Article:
- Adjusted gross income over the last three years is over $350,000. The agency takes into consideration if this income was usual and likely to occur in the future, if the earnings were offset by losses, and if the income was reinvested in the firm or used to pay business taxes.
- The total fair market value of the owner's assets exceed $6 million, including the applicant business and the owner’s primary residence.
- Other evidence that income is not indicative of lack of economic disadvantage.
For more information on personal net worth, please click here
What are contributions of capital or expertise?
Contributions of capital or expertise are money, equipment, or special skills that the company owner used to start or acquire the business. Business owners seeking certification need to show that they made these contributions to acquire 51% or more of their business.
Capital contributions are money, equipment, or other items of value that the owner used to start or purchase the business. Owners need to show their contributions and prove they are proportional to the amount of the business they own.
Contributions of Expertise
Contributions of expertise are allowed in some special circumstances if owners also made a capital contribution. Merely working for the company is not sufficient. If owners acquired their company through a contribution of expertise, they must show:
- their expertise is in a specialized field
- is of outstanding quality
- in areas critical to the firm's operations
- indispensable to the firm's potential success
- specific to the type of work the firm performs; and
- documented in the records of the firm.
What control of the company is required?
To be eligible for certification, owners must show managerial and operational control. This means they can control both the high-level decision making and the day-to-day operations of the company. Control does not look the same for every business, and what a business owner must show changes depending on the industry and who else is involved. However, in all cases the owner must show the following:
- The business is independent and does not overly rely on any other business to function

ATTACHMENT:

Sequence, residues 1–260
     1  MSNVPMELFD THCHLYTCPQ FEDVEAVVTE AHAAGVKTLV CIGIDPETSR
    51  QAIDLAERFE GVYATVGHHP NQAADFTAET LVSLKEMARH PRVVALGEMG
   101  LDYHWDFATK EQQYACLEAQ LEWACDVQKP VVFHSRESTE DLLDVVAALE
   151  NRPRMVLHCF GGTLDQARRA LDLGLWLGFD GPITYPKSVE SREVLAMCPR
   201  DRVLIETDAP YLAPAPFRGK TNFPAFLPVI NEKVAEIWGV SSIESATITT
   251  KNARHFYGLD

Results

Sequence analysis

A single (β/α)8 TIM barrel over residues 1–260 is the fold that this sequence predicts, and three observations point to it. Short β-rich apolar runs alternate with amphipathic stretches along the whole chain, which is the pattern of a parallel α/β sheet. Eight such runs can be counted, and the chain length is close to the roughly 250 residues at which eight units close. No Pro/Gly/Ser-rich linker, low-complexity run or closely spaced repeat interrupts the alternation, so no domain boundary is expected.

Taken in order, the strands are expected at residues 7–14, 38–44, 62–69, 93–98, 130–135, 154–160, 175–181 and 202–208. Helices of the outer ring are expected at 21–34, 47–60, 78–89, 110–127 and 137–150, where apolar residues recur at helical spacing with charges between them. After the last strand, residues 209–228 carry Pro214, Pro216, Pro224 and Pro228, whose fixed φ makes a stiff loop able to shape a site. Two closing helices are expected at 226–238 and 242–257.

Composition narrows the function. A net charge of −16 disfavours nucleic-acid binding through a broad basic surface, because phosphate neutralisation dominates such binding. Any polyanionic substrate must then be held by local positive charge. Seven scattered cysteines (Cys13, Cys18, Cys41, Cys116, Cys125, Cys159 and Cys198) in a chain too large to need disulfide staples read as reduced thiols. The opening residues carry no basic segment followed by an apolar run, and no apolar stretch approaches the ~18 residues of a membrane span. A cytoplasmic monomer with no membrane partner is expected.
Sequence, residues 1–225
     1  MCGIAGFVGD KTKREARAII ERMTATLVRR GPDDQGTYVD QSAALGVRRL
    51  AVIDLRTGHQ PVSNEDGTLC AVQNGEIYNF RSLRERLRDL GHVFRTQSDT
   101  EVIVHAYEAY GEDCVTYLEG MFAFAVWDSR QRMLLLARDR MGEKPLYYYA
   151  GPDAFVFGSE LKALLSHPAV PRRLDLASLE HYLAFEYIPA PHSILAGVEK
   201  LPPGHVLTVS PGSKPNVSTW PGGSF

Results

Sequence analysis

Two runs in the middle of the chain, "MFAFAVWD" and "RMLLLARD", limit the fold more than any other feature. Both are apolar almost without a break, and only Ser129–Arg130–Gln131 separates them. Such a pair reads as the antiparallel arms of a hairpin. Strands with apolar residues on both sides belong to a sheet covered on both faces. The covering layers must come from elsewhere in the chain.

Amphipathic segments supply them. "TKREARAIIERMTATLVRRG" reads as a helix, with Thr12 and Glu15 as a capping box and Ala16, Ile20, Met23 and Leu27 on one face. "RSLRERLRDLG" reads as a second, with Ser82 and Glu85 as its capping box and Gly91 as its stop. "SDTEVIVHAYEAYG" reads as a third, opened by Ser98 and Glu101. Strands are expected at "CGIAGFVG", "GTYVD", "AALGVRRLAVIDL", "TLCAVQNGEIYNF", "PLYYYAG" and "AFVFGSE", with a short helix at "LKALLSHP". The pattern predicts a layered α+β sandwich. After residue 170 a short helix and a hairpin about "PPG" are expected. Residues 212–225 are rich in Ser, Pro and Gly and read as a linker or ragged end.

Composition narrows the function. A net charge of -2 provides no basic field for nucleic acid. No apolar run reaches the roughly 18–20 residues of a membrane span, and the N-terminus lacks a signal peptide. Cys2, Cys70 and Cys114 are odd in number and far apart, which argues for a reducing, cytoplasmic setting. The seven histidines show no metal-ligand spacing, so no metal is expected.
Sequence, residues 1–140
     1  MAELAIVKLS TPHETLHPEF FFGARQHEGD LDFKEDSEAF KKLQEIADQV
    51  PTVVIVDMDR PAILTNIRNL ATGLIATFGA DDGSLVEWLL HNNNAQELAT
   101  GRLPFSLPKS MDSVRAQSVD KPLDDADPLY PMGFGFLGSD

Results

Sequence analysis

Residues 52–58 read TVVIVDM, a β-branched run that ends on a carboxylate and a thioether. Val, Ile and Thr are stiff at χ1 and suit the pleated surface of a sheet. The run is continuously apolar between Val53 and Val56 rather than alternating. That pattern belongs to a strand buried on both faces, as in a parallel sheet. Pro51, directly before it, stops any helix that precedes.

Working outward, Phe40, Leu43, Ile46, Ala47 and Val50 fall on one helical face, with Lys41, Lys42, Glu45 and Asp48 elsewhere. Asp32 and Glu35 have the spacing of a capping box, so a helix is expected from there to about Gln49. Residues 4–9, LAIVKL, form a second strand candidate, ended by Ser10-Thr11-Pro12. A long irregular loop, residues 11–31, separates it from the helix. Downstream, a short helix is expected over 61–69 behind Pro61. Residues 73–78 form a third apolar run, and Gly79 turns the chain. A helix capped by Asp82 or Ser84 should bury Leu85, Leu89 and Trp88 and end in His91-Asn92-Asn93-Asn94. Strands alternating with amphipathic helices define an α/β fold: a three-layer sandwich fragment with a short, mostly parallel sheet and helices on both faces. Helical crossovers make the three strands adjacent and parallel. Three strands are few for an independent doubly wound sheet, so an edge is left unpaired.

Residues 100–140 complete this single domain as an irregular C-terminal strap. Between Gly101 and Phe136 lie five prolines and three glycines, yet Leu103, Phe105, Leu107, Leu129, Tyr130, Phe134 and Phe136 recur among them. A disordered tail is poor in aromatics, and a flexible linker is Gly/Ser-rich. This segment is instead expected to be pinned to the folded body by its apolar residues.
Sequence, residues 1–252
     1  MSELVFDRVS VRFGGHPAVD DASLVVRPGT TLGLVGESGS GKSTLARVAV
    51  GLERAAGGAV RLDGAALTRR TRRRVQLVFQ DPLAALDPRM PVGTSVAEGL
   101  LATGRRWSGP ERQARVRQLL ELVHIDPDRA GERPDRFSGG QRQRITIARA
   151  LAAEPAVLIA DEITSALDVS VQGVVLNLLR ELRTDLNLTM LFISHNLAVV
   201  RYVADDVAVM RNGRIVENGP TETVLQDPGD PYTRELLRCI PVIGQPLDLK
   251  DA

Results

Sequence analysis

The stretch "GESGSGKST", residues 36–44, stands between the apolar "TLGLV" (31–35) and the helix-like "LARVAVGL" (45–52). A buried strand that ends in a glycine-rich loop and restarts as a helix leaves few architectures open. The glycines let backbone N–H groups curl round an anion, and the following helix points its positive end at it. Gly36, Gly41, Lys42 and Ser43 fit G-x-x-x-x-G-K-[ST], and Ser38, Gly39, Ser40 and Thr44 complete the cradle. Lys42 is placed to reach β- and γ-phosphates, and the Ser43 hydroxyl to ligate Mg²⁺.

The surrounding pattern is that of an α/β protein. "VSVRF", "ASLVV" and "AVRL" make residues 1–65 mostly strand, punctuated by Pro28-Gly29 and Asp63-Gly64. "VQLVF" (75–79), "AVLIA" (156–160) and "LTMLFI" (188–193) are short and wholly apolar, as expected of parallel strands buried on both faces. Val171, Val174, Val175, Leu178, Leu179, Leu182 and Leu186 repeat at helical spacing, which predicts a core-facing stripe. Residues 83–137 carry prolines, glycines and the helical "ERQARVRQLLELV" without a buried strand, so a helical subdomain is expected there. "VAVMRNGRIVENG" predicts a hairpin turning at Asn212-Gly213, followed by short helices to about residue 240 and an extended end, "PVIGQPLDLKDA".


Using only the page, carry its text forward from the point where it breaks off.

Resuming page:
- That the owner is the highest officer of the company
- The owner controls other company partners, members, or the board or directors
- An overall understanding of the type of work the company performs, including managerial and technical competence and experience directly related to the company’s work
- The business has the necessary staff and equipment to perform its work
Please contact our office if you have any specific questions. We can be reached at 360-664-9750 or via email at firstname.lastname@example.org.
What are the eligibility differences between State and Federal Certification?
While the certification criteria for State and Federal Certification are almost the same, there are a few key differences.
For Federal Certification, businesses located outside of Washington State must first seek certification by their home state before applying in Washington. Additionally, owners must prove they are U.S. Citizens or lawful permanent residents to be eligible.
For State Certification, businesses must obtain all the licenses and registrations to do business in Washington State before applying for certification. This includes registering your company with the Washington Secretary of State, and obtaining any specialty licenses your business may require before applying.
If you have any further questions, please contact us at 360-664-9750 or via email at email@example.com.